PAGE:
Is it Time for a Gift-Giving Overhaul?

Many years ago when my nieces and nephews were little (and there weren’t so many of them!), all of the aunts and uncles would buy gifts for each and every one of them (that’s six gifts for each of the 14 kids, and that’s not including their gifts from Santa or their parents!).

Christmas Eve was a madhouse of wrapping paper shredded, toys piled up in pursuit of the next one, and sporadic screeches and yelps of excitement. As I watched the mayhem unfold, it became clear to me that the heart of the season was getting lost among the “things.”

So Melissa and I decided to do something different.

Instead of buying them a toy (of which they already had too many), we gave each of them money to pick something out for a child who otherwise wouldn’t have anything under the tree. We all piled into two cars and headed to the local toy store for everyone to choose his or her gift.

It was such a joy to watch them hold their money and peruse the aisles for something a little boy or girl whom they’d never met might enjoy. Some picked things that they would have liked for themselves while others picked things they owned and loved and thought this other child would, too. I loved watching their little faces as they contemplated their selection. I could almost see the wheels turning in their heads.

Once the choices were made, each child paid for their own toy one-by-one (bless the toy store clerks!), and then we headed off to the local Toys for Tots drop-off center. Once that was done, we continued on to a fun activity. One year, we went rollerskating. Another year, we went to a nearby, large Christmas light display and walked around the property with our hot chocolates in hand.

In the car rides, we’d sing Christmas carols and talk about nothing and everything. These times were likely more of a gift for Melissa and me, but I sure hope they hold the memories in their hearts, too: Time with their cousins, giving to those in need, and having lots of laughs along the way.

Dr. Thomas Gilovich conducted a 20-year study on the difference in happiness levels from material possessions versus experiential purchases. In his report, he wrote, “One of the enemies of happiness is adaptation. We buy things to make us happy, and we succeed, but only for a while. But we remember experiences long afterward.”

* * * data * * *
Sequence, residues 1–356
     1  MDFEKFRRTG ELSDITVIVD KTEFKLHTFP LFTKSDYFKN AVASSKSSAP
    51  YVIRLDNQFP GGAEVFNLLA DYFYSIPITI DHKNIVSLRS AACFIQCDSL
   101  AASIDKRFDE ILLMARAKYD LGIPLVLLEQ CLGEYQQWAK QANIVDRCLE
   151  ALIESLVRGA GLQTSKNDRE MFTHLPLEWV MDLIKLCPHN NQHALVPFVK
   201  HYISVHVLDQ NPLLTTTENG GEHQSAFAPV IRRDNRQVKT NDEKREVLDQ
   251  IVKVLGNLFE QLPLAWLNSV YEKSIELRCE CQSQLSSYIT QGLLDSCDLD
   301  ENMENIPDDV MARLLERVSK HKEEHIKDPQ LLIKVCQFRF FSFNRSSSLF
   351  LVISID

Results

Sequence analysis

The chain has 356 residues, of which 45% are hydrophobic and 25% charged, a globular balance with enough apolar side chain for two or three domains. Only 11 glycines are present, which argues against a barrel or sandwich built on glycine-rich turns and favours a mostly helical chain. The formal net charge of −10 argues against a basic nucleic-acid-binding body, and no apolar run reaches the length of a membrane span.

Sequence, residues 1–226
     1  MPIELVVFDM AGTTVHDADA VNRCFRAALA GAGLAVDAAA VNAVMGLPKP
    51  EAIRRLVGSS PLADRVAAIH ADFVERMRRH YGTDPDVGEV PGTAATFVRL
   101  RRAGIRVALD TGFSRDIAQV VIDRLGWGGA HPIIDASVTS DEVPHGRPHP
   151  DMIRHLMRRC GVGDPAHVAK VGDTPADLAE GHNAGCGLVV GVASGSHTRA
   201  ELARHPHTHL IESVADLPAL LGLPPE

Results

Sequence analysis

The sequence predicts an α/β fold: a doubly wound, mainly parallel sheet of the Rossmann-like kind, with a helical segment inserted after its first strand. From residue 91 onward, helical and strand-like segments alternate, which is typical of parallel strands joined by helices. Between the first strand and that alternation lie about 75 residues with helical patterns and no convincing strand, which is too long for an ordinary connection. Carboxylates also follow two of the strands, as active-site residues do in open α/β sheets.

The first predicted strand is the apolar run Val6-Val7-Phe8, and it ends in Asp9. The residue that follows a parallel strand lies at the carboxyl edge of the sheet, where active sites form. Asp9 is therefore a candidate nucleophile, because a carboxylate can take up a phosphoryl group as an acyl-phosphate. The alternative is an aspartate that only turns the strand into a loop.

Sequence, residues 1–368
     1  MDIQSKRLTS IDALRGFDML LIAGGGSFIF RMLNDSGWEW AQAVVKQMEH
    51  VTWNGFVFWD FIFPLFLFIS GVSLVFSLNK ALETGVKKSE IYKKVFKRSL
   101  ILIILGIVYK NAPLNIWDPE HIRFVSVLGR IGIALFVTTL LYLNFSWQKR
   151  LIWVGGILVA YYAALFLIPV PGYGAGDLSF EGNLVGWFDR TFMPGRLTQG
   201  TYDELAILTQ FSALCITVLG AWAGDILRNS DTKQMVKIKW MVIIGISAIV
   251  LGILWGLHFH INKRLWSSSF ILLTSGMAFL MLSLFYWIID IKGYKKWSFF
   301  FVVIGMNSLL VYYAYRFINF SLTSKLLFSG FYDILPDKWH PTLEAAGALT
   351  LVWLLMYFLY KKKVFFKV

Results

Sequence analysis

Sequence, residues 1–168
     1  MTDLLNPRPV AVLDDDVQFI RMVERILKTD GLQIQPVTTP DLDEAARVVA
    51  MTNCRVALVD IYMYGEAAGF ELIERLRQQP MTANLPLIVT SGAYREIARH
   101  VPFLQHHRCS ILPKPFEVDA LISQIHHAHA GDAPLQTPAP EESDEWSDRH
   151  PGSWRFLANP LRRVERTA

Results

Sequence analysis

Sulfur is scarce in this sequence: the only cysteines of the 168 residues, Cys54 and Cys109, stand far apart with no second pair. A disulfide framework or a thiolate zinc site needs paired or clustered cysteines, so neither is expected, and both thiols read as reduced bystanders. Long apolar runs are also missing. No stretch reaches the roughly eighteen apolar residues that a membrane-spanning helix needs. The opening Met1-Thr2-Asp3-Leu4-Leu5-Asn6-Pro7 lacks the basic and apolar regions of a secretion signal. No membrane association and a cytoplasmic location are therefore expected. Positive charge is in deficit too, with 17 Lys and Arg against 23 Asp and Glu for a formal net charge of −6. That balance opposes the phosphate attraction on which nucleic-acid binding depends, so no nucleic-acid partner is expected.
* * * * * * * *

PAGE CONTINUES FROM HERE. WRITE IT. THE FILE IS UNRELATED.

You see, something new is exciting, but then it quickly becomes “not new” anymore. We get used to it, it becomes a regular part of our world, and then we get bored with it. And off we go looking for the next “new” thing.

So this year, when brainstorming gift ideas, consider things like:

  • A cooking class,
  • Guitar lessons,
  • Museum or movie theater passes,
  • A fun outing you can all do together, or
  • A strategy coaching session to support their dreams.

Some of the greatest gifts you can give cost no money at all. Things like:

  • Babysitting services
  • An afternoon of yard cleanup
  • Technology help for the luddite in your life

Is the newest gadget exciting? Sure, it can be, but the joy from things is fleeting. It’s the experiences that stick.

That create life-long memories.

That change who you are.

So skip that sweater and instead head to a paint nite with your bestie. Your gift will be appreciated for a long time and the memory you create, cherished!

Now I’d love to hear from you. Are you mixing up your gift giving this year? What are some of your favorite things to give? Share in the comments below.

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